In the actual bath-room, there’s a bath and showers. You’re supposed to shower before you soak in the bath, so as to keep the water clean. That’s another one that would be really rude to screw up. The bath is just for boiling… err… soaking. Anyways, in all this, the one thing you have to cover yourself is a small, white towel (well, till you hop in the bath, at least).
The 4 or 5 times I’ve done a Japanese bath, it’s been alone or with only one or two others. This time, there were about 15 of us. And you know, that’s a whole different experience. Working up the courage to go into a public bath isn’t quite as hard when you’re going in with that many guys, but I still haven’t got used to people carrying on a conversation with me while we’re all naked. One of the guys commented how cool it was that I shaved with a razor (Japanese men aren’t known for their ability to grow beards).
After I was well-boiled, I went out, dried off some, and started putting on my clothes and brushing my teeth. At about 10:00, the official closing time for the onsen, the other foreigner came into the room and took his bath once almost everyone else was out. Somehow, mysteriously, he’d gotten separated from us on the way there. Yeah, foreigners tend to be shy about this sort of thing.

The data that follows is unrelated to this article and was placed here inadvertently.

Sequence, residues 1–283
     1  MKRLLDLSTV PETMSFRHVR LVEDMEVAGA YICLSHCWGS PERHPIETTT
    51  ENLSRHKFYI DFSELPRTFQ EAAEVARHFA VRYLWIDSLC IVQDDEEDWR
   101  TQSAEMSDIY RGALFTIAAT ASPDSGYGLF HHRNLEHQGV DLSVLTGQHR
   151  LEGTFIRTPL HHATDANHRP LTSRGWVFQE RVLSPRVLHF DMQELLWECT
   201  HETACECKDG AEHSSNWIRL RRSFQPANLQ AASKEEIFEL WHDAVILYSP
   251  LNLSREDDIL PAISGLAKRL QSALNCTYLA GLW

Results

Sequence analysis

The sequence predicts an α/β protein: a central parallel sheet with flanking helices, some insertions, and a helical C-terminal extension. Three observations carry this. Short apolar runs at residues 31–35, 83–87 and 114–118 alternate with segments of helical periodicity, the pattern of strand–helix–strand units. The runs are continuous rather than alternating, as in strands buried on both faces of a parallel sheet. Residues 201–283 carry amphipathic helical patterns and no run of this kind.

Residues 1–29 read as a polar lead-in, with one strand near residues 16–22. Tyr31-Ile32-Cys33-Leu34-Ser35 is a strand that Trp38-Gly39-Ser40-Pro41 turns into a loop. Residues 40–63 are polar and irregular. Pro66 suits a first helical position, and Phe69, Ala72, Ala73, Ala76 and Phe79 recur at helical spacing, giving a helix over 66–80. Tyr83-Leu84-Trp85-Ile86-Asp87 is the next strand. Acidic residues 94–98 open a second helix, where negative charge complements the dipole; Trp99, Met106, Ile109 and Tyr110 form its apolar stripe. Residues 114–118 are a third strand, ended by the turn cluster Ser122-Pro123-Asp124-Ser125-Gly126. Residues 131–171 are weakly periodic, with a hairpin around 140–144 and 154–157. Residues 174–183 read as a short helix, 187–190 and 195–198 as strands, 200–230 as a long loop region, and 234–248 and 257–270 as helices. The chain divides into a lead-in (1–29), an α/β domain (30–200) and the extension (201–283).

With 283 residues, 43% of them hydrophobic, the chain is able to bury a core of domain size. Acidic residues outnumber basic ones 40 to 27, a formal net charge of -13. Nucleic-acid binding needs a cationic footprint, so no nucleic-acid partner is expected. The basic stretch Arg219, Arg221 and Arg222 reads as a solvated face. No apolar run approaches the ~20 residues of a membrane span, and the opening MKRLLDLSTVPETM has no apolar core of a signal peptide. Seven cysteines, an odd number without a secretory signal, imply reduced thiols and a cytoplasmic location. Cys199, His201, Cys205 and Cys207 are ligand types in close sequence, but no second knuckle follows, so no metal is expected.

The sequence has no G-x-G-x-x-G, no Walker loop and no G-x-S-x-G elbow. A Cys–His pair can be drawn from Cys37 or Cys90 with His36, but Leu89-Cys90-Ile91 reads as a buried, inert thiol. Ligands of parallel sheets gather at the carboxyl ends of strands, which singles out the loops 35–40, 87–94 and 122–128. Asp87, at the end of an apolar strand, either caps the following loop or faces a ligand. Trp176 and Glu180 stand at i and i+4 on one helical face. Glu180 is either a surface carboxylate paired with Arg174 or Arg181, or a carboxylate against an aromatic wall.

By now, I’m used to the whole onsen concept, but I still get nervous every time I go into one. This time, I realized that it’s not being seen naked that bothers me as much as having to see other guys naked. That’s just one of those things in this life I’d rather pass on. When you’re alone, you can avoid it, but with 15 others in small room… Well, still getting used to that very revealing part of Japanese culture.